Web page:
Holy Liftoff – By Elaine Medline
Flash Fiction / March 22, 2009

Cynthia swung a screwdriver. “What are you doing with that?” her mother asked her. “Fixing Gemini.” Gemini was the name that Cynthia had given to her new bicycle, a Stingray Deluxe. The girl was thrilled with the glitter banana seat and monkey bars, but had wanted the copper color. All they had in stock was violet. “What’s wrong with Gemini?” Joan asked. “It’s purple, first of all,” her daughter answered. “Plus I don’t like the fenders and chain guard. I ripped them off for liftoff.” “Cynthia, it was your birthday present.” Her son, Thomas, shuffled into the kitchen backward. He asked her what she was doing. “Beating egg whites for a pie,” she said, proudly holding up her new kitchen tool, a wire whisk. “Holy smell, what’s this? Clue me in.” Holy this, holy that. Batman was taking over his little mind. “With the crackers? Cheese.” “Cheese didn’t smell before,” he said, exiting backward. “And it used to be orange.” Joan could hear the serious voice of a newsman on their television in the next room. She didn’t want Thomas or Cynthia to hear it, so she turned it off. The news started getting bad around 1961, and that was…

Favourite Spot – By Heather Grange
Micro Fiction / March 22, 2009

Striding out with the dog by her side in the late afternoon was where Clare wanted to be. She and Mike had always loved this part of the country. In the summer he’d lounge in a soft backed chair, a rug over his knees with a sketch-pad or a book while she wandered off for a couple of hours or, in the winter they’d sit in the car watching the landscape and feeling part of nature. The river had brought them together. They’d met, worked and fallen in love in a hotel which stood on the cliffs. It had been pulled down years ago. They’d explored the coastal paths and meandered along the towpaths and boatyards. The cockle boats were still out at sea, the flames from the refineries still burned yellowish-blue and the old castle ruins still guarded the entrance to the estuary. They’d married in a local church under Norman vaults thirty-eight years before and then moved away and worked abroad. When they retired they’d come back to live nearby. It was when Mike said: “Why don’t you write about it?” But what was there to write about? Clare wasn’t a writer or a poet. It was true…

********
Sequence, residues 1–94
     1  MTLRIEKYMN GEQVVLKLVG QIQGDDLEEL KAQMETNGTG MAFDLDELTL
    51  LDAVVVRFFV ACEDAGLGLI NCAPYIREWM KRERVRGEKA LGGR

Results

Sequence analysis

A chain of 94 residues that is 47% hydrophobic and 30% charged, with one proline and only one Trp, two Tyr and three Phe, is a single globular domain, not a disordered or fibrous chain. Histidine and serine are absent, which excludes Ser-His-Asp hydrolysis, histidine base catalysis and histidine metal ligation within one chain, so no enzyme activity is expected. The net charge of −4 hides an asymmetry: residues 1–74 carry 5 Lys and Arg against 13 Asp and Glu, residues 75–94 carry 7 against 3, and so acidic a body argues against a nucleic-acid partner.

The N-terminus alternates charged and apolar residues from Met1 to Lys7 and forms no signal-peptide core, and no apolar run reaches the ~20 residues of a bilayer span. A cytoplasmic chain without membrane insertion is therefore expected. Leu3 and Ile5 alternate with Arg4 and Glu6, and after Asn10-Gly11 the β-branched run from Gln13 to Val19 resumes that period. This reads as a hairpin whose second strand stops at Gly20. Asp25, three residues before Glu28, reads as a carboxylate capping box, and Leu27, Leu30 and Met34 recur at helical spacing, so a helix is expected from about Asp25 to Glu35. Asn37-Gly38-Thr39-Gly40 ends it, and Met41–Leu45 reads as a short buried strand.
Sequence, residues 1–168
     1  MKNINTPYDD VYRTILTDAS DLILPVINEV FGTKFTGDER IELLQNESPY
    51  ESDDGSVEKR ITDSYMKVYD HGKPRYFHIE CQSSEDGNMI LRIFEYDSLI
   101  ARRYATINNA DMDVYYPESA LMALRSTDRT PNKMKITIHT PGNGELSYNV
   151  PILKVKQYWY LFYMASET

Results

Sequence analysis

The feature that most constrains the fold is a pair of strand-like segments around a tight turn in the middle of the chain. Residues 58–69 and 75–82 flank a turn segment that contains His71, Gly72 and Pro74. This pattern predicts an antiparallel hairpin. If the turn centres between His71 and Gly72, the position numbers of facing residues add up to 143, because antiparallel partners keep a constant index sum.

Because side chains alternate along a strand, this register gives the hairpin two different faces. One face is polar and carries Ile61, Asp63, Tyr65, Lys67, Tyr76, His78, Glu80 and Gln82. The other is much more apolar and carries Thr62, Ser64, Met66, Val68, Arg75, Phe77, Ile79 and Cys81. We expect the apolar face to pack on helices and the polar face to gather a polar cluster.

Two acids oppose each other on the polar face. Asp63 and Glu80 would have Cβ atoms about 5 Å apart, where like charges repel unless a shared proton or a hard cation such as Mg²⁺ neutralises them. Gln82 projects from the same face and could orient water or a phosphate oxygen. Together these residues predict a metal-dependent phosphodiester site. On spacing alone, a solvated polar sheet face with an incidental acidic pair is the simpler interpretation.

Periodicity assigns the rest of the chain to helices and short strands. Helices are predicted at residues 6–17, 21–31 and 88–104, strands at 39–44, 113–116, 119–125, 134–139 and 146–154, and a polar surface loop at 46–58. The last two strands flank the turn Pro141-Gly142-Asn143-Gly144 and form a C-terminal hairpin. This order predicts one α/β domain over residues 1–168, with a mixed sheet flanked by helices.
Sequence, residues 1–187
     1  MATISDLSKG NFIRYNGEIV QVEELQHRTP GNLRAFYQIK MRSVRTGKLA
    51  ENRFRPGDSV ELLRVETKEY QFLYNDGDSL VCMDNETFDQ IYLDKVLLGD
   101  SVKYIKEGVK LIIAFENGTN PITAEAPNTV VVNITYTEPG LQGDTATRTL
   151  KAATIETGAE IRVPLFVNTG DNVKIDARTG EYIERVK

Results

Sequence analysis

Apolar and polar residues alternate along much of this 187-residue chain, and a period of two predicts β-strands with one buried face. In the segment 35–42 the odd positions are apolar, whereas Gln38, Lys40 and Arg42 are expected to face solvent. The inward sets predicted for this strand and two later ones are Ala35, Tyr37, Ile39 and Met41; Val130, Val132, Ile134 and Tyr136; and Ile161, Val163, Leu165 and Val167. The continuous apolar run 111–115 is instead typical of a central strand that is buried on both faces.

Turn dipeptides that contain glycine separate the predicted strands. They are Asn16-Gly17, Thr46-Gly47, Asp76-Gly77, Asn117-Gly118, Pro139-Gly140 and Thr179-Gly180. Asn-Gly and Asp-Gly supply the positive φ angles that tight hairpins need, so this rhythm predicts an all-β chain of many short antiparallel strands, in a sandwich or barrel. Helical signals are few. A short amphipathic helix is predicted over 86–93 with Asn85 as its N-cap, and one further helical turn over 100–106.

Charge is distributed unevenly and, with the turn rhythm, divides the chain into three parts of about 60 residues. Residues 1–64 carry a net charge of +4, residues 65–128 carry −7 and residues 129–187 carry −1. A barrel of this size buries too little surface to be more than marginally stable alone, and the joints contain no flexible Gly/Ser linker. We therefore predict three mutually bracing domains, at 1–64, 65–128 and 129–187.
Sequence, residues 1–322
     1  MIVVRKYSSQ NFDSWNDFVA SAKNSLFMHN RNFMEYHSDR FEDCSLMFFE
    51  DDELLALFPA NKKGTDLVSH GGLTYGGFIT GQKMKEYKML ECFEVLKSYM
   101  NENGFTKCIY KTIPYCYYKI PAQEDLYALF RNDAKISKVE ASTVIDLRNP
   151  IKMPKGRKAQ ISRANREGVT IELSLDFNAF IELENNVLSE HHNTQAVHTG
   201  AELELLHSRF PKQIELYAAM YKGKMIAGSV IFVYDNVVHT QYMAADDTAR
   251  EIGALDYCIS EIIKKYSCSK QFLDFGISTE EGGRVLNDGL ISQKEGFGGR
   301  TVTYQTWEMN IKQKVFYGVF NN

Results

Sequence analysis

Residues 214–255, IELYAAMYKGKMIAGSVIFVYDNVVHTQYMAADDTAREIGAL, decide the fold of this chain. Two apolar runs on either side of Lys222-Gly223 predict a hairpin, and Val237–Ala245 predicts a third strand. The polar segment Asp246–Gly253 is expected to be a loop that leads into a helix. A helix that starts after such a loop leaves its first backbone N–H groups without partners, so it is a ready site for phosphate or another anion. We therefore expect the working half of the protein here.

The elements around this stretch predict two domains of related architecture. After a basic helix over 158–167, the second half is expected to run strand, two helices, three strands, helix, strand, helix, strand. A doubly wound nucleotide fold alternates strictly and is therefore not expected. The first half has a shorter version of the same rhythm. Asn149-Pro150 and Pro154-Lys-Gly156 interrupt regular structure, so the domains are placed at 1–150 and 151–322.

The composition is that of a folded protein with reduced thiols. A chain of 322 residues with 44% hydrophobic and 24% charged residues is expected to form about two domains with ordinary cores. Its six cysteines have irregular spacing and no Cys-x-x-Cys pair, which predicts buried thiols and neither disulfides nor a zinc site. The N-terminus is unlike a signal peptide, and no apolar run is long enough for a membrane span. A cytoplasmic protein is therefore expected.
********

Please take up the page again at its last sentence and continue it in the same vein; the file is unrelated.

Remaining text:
Lunchtime – By Ian Lamberto
Micro Fiction / March 8, 2009

Surrounded by the foliage of fall, Charlie and Sarah sat on the only bench in the park still made of wood, the only one that still creaked and cracked when used. They liked the sounds, the way the aged pine reminded them of its presence, the warmth that it kept between its decade-old wrinkles. There was something reassuring about it, something gentle, something that helped sweeten the taste of the peanut butter and strawberry jam sandwiches that they shared. It was their lunch hour. It was their tradition. “Nice day today,” said Charlie, as he always did. “That it is,” responded Sarah, as she always did. “Busy in the office.” “The phones won’t stop.” “Wouldn’t be much work if they did.” “Suppose not.” A few moments passed. Birds chirped from above, making their own idle conversation. The trees, ruffled by a cool breeze, released a sampling of golden leaves to the air. And Charlie stared at his half-eaten sandwich resting idly upon its bag. “I’m leaving,” he stated. “Okay, bit early though, isn’t it?” “That’s not what I meant,” Charlie’s leg started to shake. “I’m leaving…tomorrow…for good….” Sarah took a drink of water from her thermos; this new script was…

Reverse Gear – By Richard Grossman
Flash Fiction / March 1, 2009

I didn’t see the purse fall, just heard the sound. A second later we were both on hands and knees. No Saturday night special. No makeup. Not much of anything except a roll of bills. I had her driver’s license. 26 Eastbrook Road. You know where that is? Our eyes locked. Hazel eyes, gold flecks. Something else as well. Yes, I know where that is. She put the bottle of aspirin back on the shelf, looked at me again. Thanks. That was very kind. She turned and half waved. Was there a message in that? I followed her from the store not knowing why. It was easy to keep a hundred yards behind, which was just as well. I had no idea why I was doing this. Twice I almost turned off. Could I knock at 26 Eastbrook, Excuse me, I helped you when your purse fell, I think I love you. Headline: Amorous Lunatic Arrested in Suburbs. A garage double door rose as she approached 26 Eastbrook, one of a series of matching houses optimistically called garrison colonials. The door closed with similar automation as I parked across the street. A passage connected the garage to the main part…